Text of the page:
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https://electricdruid.net/boss-mt-2-metal-zone-pedal-analysis/

https://sound-au.com/articles/gyrator-filters.htm#s9

I have been using these websites to try and work out how the eq works, but I've had a bit of a problem when it comes to the gyrator used for the low tone control. I can't quite seem to work out the relationship between the frequency response and the components.

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  • \$\begingroup\$ Welcome to EE.SE! I would suggest a free SPICE simulator. Either download LTspice or use the built in one on this page by pressing edit, click on the schematics symbol and draw your schematic. From there you can tinker with all values and find out what does what. \$\endgroup\$ – winny Nov 19 '18 at 9:53
  • \$\begingroup\$ It's interesting that the time constant associated with R012 and C008 corresponds to a frequency of 328.8 Hz, which correlates closely with the lower inflection point on your graph. Similarly, the combination of R061 and C044 has a cutoff frequency of 7234 Hz. \$\endgroup\$ – Dave Tweed Nov 19 '18 at 10:55
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According to the Wikipedia article, the simulated inductance has a value of

$$L = R_{012} R_{013} C_{009} = 10.34\text{ H}$$

This inductance is in series with a resistance equal to R012, giving an L/R time constant of 4.7 ms, which corresponds to a frequency of 33.86 Hz. This is the lower frequency limit for the bass control's effect.

Similarly, the series combination of C008 and R012 has a time constant that corresponds to a frequency of 328.8 Hz, and this defines the upper limit of the bass control's effect, and corresponds directly to the inflection point shown on your graph.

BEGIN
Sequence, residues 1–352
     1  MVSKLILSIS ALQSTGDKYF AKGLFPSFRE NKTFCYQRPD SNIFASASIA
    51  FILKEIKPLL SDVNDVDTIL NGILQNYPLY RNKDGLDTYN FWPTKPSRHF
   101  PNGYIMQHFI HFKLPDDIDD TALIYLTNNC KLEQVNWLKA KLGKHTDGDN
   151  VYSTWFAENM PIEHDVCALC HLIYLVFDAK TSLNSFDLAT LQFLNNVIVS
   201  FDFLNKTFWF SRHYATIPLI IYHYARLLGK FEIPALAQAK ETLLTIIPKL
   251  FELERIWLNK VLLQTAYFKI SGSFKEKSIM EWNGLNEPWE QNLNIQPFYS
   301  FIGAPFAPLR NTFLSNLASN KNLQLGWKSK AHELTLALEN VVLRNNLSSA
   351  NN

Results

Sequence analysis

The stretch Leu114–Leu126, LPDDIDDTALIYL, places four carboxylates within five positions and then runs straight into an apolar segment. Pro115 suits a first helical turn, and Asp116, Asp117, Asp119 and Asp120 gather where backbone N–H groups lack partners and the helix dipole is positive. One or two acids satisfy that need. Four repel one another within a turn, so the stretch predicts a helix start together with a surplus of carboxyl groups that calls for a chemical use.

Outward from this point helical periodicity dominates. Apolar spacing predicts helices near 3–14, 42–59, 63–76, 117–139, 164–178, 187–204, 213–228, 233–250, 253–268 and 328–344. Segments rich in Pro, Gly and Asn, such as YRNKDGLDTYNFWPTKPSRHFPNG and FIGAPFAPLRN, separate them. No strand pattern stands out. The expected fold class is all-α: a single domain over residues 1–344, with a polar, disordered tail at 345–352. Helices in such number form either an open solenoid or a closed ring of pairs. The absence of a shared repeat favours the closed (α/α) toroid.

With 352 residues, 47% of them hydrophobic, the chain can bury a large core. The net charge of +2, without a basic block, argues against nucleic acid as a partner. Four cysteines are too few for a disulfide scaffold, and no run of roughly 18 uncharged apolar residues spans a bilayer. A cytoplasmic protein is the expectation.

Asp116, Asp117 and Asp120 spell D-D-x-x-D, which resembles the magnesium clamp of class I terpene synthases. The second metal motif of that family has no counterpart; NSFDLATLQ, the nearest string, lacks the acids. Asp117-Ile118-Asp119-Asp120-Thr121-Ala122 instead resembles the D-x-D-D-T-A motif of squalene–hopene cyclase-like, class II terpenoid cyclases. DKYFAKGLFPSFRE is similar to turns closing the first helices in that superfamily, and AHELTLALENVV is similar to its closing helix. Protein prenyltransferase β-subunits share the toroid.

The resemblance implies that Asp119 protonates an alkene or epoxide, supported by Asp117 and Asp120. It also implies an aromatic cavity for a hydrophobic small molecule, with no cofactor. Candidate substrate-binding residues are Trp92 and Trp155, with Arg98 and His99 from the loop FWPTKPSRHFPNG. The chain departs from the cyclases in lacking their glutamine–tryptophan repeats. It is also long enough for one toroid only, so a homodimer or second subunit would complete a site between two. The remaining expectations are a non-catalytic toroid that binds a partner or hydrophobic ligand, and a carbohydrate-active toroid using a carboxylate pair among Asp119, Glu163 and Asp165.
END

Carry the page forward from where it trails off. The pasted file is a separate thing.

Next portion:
Note also that the series combination of C008, R012 and the simulated inductor is also in series with a minimum source resistance of 22 kΩ (either R014 or R015), which insures that the circuit is overdamped (no resonance). If this source impedance were reduced, you would start to see a resonant peak at around 105 Hz.

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here's what I see, we have a op-amp in the middle with a simple 22k feedback and 10pF to stop oscillations.

then we have the input signal going to the non-inverting input through a 22k resistor.

between these two nodes is a potentiometer with the center tab to a gyrator. a gyrator acts like an inductor with one end grounded, it absorbs low frequency currents.

Now if you turn the potentiometer one way and the gyrator soaks up the input signal and sees less of the feedback signal - so the low frequencies are "killed" both by the gyrator sucking in the input signal and by the gyrator not attenuating the feedback signal.

If you turn it the other way the gyrator is close to the feedback signal and distant from the input signal, so it soaks up the low frequencies in the feedback signal, but not from the input signal allowing a larger amplitude to be produced.

C008 R012 form a high pass filter stopping low frequencies from going into the gyrator, causing the base control to roll off below 300Hz.

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